And it wasn’t just the Red Arrows that were jet propelled – WAS IT, KAY?
I’d heard about the challenges of Ivy House Sheepdog Trial, and was (cautiously) looking forward to it as I drove to Shropshire on Sunday morning.
Sheepdog terminology – explanations of the terms and language used in this article
At Ivy House, the letting out pen is two fields away from the post. If it’s sent to the right, the dog must go through at least one gateway – and two gateways if it’s sent left. This is further complicated by the exhaust pen being next to one of the left hand gateways. If the dog should see the sheep in the exhaust pen, it could easily mistake them for the ones it was intended to work – something to avoid if at all possible! In all the time I was at the ground, I didn’t see one dog sent to the left (but I’m told one or two were sent that way).
The sheep seemed perfectly manageable – at least until they reached the pen. For some reason few competitors were able to get their bunch into the hurdle pen, even though there was no gate on it (meaning the handler could stand wherever they liked to assist the dog. If the pen has a gate there’s a rope attached and, once the gate is open, the handler must not let go of the rope until the sheep are penned.)
Ivy House Farm is set alongside Shropshire’s wonderful Long Mynd hills, so as with the South Shropshire Trial a few weeks ago, we were able to enjoy stunning scenery. Add to this, an unexpected low level fly past (directly over the field) by the Red Arrows soon after I arrived, and it was altogether shaping up to be an exciting day. Apparently, the aircraft were due to perform at the Shropshire River Festival in Shrewsbury before moving on to Cosford Air Show during the afternoon.
The sheep were good; lively enough to be a problem for over-enthusiastic dogs, but responding calmly to dogs that treated them with respect.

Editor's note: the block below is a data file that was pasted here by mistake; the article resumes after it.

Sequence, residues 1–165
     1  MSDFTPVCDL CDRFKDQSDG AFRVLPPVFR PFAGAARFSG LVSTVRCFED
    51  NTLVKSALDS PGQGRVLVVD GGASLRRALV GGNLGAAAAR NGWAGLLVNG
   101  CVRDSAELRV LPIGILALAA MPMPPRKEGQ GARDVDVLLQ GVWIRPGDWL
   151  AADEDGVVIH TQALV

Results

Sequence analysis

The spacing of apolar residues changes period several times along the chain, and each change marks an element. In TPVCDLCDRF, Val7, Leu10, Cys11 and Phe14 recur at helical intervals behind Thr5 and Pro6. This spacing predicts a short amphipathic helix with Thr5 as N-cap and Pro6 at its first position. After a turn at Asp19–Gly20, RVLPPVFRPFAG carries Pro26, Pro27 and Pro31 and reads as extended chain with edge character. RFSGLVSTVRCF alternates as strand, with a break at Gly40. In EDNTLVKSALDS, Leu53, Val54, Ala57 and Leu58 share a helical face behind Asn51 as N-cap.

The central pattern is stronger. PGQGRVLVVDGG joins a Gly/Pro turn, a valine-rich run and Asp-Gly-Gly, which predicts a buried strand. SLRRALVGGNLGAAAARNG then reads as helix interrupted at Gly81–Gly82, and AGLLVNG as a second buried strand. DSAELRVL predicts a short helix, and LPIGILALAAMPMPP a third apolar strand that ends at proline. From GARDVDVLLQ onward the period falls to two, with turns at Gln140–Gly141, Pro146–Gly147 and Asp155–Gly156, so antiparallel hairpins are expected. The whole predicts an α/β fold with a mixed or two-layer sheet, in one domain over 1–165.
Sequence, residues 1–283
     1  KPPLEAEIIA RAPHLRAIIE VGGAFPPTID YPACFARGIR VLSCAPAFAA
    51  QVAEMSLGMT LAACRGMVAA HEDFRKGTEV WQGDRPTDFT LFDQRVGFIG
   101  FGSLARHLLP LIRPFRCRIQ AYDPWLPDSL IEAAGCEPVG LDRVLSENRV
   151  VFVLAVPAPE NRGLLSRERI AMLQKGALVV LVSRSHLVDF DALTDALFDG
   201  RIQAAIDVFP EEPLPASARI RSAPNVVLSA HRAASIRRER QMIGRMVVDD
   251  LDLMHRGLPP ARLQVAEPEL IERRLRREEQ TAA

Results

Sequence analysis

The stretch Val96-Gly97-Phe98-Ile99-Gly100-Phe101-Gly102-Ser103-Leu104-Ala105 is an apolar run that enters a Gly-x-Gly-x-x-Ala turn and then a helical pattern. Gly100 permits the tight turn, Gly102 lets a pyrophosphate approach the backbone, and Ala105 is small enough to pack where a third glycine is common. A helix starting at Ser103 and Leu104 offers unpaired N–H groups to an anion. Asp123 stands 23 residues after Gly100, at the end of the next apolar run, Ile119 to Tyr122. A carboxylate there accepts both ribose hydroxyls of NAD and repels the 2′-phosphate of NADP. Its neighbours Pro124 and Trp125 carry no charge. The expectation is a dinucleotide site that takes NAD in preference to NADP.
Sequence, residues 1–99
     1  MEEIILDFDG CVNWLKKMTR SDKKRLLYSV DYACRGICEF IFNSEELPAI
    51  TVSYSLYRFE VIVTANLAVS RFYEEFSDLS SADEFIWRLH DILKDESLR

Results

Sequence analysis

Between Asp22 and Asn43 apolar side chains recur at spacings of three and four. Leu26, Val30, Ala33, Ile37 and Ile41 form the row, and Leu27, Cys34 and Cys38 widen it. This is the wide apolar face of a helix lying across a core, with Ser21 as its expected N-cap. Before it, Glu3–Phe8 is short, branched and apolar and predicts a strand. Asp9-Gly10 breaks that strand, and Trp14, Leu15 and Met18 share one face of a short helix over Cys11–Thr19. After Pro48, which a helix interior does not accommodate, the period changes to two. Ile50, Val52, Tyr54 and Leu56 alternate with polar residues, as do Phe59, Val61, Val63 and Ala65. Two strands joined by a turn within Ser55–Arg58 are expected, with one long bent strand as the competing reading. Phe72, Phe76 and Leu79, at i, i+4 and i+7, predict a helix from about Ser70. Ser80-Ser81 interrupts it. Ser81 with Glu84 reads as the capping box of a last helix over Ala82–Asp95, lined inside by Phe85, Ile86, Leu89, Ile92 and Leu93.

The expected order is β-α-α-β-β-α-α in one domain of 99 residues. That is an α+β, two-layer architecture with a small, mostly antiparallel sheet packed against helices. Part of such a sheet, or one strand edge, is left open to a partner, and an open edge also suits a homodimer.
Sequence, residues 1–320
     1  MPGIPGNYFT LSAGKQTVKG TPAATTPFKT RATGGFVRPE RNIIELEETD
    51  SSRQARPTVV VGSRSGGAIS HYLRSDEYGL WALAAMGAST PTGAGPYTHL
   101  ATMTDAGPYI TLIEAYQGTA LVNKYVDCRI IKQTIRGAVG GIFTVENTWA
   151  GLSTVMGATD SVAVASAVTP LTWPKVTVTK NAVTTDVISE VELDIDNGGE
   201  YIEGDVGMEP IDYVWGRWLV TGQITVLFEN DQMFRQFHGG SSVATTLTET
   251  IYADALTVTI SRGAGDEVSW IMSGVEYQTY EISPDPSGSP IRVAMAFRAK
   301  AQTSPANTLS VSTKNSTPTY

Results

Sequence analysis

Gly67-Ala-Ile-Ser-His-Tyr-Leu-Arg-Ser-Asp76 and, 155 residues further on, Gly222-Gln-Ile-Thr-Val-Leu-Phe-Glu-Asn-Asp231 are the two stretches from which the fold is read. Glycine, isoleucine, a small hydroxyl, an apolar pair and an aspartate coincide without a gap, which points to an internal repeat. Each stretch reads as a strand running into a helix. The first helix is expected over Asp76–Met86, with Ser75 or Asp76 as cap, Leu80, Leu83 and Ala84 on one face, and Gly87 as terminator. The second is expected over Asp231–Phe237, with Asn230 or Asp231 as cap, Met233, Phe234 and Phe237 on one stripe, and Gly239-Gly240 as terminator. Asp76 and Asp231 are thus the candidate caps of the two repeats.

Generally, though, they were tricky to pen and needed firm handling to push them in. For the afternoon session the gateless pen was converted to a chute – in the hope of making it less intimidating to the sheep.
Carew was booked to run at number nine, which gave me time to study the way the sheep behaved. As I hadn’t run at Ivy House before I was also looking for the best way to get the dog to the sheep across three fields. Preparation proved to be far more difficult than usual.
Try as I might, I couldn’t seem to get Carew or Kay to look further than the confines of the field they were standing in – and this proved costly to their runs.
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As each dog set off on its outrun I brought Carew out of the car to watch. I hoped that she’d watch the departing dog all the way to the sheep but, as soon as the dog went through the gate into the next field, it would disappear behind trees and Carew immediately lost interest in it.
At first she didn’t see the sheep until they came into the main field, but I persevered with each run (taking her away before the sheep reached the post so that she didn’t see the rest of each run) and gradually, she seemed to catch sight of the sheep earlier and earlier until I was fairly sure she’d spotted them in the letting out field.
I was quite hopeful when it came to our run. Carew’s at her best on tricky sheep – and these were very testing if the dog didn’t give them plenty of room.
I sent Carew off to the right, and all seemed well. She was heading straight for the correct gate but, just before she reached it, she bent inwards to follow the hedge. She was clearly expecting the sheep to be in the first field. I stopped her and sent her back quickly, but she took me too literally and went shooting past the gate in the opposite direction.
I stopped her again and tried to redirect her, but Carew was clearly confused. Convinced that the sheep must be in the field, she went this way and that before eventually realising what I wanted and disappearing through the gate. The rest of her outrun went well except that (typically) she stopped before the point of balance. (I’m working on this with Carew at home.)
On the positive side, Carew responded well to my whistle commands, lifted the sheep well, and brought them nicely to the gateway into the field with the fetch gates. It’s a great feeling when your dog’s responding well to your commands and bringing the sheep in a straight line. Straight through the fetch gates, the sheep then continued straight through the gateway into the main field. It was looking really good; the sheep were coming quietly and headed straight to the red cone that was serving as the post.
As Carew turned her sheep tightly around the post to begin the drive I remember thinking that I couldn’t ask more from a dog. The sheep barely deviated off line before passing through the first drive gate and Carew turned them just as well onto the crossdrive.